Thanks to the people over at Square Enix, I was given a fantastic opportunity recently to play a demo of Final Fantasy VII Rebirth and conduct a fantastic interview with Director Naoki Hamaguchi. You can check out the interview here to learn about a whole bunch of new gameplay information about Rebirth that you won’t find anywhere else, and hear Hamaguchi’s thoughts on various parts of the game. As always, I will try to keep the story spoilers to an absolute minimum unless it is to set the scene for my impressions, so for those wanting to avoid story spoilers, you can rest easy.
The demo we got to play was split into two sections. The first section included part of the Kalm flashback sequence on Mt. Nibel, where Tifa guides Cloud and Sephiroth up to the broken Mako reactor at the top. It started in the large materia room that many Final Fantasy VII fans are familiar with and tasked us with reaching the reactor. Since I have recently been replaying the original Final Fantasy VII (and streaming it), I can say that the dialogue between Cloud, Sephiroth, and Tifa essentially matches the original with almost no changes.
Playable Sephiroth, in MY Final Fantasy?
This part of the game was set up as a tutorial section to re-familiarize players with Final Fantasy VII Remake‘s combat system, and teach them new additions to Final Fantasy VII Rebirth. We were told that this section may not be the tutorial level in the final version, but I wouldn’t rule it out since it seems like a great spot for something like this. I say this partly because this time, Sephiroth is completely controllable and immensely powerful for what you are up against. For those who do not remember this section in the original FFVII, Sephiroth was overpowered and destroyed all enemies you faced, but to many fans’ disappointment, he was AI-controlled. No more — now you can swing his comically large sword at anything you wish. This doesn’t mean Cloud is useless during this section, but let’s be fair: when the game gives you a chance to play as its antagonist, even for a small section, it’s hard not to!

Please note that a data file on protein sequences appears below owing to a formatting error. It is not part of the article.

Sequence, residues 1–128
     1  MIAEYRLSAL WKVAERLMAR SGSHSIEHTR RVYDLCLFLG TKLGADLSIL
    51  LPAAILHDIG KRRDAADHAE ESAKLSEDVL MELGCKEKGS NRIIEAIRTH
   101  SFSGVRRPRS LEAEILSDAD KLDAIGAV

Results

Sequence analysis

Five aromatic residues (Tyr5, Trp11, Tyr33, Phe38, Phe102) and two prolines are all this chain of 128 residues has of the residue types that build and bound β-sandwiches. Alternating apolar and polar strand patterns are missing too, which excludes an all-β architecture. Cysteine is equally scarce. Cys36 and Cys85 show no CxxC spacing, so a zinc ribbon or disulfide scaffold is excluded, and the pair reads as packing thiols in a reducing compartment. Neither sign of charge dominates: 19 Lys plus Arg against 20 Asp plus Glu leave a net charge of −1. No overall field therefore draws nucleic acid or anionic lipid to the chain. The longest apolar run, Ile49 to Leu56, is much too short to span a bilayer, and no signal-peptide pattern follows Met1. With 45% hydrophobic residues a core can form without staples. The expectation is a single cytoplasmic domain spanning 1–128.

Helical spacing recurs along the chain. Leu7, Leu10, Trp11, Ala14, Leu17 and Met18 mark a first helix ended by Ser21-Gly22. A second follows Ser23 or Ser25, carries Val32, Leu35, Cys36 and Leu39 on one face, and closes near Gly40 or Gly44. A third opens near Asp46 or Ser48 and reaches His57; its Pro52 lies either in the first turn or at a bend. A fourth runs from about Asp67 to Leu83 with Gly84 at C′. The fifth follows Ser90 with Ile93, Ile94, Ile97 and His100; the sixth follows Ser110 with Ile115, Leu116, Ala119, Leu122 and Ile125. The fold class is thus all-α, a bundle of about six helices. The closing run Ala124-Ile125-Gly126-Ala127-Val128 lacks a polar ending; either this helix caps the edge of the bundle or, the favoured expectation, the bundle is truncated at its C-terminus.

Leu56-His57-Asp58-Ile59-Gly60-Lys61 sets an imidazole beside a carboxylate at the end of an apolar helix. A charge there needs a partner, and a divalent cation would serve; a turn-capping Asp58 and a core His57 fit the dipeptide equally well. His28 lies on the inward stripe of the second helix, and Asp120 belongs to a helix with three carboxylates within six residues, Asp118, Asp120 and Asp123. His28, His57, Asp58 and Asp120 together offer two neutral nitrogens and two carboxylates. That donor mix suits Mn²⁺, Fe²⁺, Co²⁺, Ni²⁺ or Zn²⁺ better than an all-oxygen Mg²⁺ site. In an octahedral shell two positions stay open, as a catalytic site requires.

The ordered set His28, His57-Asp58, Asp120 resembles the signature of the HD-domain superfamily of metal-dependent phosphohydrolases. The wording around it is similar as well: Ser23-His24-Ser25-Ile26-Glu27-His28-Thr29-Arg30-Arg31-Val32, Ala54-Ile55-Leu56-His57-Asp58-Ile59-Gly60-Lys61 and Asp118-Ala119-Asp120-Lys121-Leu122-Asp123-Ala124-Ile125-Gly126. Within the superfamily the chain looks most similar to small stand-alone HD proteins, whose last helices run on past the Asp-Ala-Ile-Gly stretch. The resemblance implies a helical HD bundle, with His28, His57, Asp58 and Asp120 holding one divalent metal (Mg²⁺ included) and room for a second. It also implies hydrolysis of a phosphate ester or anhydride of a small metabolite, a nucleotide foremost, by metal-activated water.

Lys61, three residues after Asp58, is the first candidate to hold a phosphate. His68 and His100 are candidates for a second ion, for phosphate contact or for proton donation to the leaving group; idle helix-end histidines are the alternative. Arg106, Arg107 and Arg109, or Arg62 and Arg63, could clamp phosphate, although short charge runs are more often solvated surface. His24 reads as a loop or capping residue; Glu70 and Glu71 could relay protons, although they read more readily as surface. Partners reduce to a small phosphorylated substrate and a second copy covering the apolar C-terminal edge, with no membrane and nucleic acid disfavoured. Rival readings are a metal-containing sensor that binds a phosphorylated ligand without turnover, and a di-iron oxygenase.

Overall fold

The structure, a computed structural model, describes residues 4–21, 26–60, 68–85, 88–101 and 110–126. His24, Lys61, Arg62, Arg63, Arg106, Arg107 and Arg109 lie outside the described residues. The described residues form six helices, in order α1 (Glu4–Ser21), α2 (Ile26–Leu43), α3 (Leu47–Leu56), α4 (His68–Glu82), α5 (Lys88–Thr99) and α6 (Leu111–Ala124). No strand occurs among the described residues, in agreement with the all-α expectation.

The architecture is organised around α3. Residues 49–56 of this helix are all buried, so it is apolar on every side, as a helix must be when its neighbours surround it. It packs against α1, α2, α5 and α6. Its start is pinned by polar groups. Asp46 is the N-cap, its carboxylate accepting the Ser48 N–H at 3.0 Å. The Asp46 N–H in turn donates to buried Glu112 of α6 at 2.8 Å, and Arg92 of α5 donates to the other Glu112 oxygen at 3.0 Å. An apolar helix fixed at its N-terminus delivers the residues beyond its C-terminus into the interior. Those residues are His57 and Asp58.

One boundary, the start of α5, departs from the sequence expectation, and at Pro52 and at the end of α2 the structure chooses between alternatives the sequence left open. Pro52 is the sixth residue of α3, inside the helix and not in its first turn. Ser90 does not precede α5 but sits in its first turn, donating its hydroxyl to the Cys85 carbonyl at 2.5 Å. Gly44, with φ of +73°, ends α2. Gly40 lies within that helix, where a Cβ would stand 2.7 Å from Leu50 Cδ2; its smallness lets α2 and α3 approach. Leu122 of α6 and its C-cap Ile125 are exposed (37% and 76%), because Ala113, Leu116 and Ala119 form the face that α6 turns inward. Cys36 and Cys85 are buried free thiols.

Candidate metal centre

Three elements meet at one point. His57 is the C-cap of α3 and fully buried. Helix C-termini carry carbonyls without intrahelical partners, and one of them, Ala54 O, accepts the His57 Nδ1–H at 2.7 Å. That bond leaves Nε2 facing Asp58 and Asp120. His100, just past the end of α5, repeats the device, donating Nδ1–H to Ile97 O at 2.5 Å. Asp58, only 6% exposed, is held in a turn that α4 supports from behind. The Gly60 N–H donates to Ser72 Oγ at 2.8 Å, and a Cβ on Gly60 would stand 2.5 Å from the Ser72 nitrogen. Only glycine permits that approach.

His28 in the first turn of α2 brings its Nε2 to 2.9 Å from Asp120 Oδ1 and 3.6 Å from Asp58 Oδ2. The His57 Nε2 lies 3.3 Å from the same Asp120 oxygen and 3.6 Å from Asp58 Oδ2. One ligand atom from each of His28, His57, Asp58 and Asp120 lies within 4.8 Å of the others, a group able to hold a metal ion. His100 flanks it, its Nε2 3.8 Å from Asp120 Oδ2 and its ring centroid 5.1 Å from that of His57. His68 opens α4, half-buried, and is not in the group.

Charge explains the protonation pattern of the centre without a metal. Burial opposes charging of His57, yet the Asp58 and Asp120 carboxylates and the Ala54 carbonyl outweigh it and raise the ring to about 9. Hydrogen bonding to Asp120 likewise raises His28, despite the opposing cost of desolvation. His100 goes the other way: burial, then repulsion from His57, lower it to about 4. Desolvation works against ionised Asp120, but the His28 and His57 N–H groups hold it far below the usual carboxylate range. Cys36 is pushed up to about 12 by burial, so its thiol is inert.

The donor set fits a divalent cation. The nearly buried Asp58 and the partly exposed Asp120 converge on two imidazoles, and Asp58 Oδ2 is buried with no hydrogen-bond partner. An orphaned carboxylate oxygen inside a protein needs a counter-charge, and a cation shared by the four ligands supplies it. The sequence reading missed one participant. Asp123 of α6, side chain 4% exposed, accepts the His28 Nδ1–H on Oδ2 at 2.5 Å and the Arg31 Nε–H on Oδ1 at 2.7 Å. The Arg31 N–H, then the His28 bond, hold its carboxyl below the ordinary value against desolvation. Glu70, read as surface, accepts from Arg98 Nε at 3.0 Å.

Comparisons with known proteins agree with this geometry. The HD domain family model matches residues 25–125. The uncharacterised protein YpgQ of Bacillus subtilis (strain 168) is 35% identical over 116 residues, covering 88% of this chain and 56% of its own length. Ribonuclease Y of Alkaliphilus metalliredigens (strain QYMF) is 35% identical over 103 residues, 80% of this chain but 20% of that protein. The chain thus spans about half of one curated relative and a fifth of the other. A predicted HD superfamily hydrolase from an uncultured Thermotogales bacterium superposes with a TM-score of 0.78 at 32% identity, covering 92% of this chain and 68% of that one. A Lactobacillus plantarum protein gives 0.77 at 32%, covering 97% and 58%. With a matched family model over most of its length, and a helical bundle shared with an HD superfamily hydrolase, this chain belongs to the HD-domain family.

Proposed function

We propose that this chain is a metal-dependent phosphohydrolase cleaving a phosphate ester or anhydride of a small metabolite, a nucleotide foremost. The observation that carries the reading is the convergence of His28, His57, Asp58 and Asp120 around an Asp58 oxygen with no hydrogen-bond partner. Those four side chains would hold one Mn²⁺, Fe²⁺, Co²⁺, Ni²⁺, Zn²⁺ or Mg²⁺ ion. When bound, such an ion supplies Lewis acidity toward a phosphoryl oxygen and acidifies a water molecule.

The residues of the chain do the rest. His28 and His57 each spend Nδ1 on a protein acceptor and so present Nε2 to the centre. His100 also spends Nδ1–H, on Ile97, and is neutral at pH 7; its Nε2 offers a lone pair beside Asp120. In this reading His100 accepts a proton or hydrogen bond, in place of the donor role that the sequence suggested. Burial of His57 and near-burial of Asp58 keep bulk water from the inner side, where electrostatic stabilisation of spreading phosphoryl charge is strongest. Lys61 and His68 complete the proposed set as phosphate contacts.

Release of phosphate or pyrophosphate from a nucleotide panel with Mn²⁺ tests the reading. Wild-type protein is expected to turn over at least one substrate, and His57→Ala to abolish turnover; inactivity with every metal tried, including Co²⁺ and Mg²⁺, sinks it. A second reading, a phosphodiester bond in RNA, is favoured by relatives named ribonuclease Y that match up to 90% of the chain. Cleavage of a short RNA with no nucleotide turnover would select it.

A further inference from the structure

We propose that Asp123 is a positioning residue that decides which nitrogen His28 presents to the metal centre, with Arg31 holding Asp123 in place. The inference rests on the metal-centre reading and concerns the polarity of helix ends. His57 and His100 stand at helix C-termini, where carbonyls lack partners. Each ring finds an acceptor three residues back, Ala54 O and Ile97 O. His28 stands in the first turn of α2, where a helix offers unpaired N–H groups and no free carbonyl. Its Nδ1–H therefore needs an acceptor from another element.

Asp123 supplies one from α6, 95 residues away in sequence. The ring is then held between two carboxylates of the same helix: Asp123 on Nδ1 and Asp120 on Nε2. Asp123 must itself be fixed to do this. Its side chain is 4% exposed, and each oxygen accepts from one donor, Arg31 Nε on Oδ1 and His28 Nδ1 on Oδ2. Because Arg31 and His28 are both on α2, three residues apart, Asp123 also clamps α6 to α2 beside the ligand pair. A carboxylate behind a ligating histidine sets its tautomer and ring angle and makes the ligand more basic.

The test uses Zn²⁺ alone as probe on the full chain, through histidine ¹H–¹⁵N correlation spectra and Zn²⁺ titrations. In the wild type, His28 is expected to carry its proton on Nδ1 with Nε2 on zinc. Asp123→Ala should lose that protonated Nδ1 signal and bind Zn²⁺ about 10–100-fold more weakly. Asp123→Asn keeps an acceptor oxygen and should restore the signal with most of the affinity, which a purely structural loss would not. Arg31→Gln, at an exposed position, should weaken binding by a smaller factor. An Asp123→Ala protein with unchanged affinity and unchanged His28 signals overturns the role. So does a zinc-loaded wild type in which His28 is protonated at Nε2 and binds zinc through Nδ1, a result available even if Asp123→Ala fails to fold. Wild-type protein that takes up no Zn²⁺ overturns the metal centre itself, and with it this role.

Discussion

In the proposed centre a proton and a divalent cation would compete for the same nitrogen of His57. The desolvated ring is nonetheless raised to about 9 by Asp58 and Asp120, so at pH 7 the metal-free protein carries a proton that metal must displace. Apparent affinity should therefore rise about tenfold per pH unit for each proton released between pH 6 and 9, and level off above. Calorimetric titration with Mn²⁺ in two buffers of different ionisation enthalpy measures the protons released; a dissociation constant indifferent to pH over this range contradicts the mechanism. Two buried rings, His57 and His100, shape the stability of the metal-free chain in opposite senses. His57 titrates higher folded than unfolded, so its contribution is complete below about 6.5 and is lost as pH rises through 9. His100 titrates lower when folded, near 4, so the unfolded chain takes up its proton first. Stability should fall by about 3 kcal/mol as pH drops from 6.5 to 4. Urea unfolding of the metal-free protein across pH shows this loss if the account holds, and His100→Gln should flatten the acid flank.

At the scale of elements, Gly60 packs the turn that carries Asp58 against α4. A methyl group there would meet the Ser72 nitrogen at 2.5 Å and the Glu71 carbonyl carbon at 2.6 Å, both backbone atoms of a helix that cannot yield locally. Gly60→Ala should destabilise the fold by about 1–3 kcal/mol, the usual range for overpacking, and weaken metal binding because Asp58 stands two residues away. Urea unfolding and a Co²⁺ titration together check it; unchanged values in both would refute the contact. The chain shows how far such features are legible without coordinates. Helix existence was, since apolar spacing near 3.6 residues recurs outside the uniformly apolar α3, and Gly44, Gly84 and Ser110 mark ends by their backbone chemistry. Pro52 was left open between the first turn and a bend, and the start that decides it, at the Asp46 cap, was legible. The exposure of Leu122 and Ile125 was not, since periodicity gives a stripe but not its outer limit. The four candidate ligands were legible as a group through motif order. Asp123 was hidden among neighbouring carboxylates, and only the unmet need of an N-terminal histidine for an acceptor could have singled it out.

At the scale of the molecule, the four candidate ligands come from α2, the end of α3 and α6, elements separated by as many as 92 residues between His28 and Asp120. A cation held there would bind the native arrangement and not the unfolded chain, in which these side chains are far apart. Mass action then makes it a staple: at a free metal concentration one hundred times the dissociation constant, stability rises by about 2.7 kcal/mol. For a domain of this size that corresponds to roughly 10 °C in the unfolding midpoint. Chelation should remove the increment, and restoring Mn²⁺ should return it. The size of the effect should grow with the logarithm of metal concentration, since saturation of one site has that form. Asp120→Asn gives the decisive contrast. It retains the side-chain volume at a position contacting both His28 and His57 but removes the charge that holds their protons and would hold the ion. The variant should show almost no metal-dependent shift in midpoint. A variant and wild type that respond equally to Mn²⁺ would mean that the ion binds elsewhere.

So, let’s get to the important part: Sephiroth is very fun to play and is incredibly strong for this section of the game. Thankfully, enemies survive more than one of his attacks, which allows you to enjoy playing around with his abilities. His mechanic basically works where the more you hit with your normal slash with the square button, the more you have access to his finishing strike attacks like Pierce or Sword Dance with the triangle button. You can even hold the square button down to unleash a ranged attack. Sephiroth also has access to Retaliation Stance with the R1 button, allowing him to parry incoming attacks with the square button if timed correctly. Sephiroth’s ATB skills are Zanshin, which sends energy waves at the enemy, and Hell’s Gate, an all-too-familiar ability to Final Fantasy VII fans as Sephiroth descends from the skies and impales the enemy. Overall, even though you only get to play as Sephiroth for a limited time, he is very cool to play and makes this section of the game unique.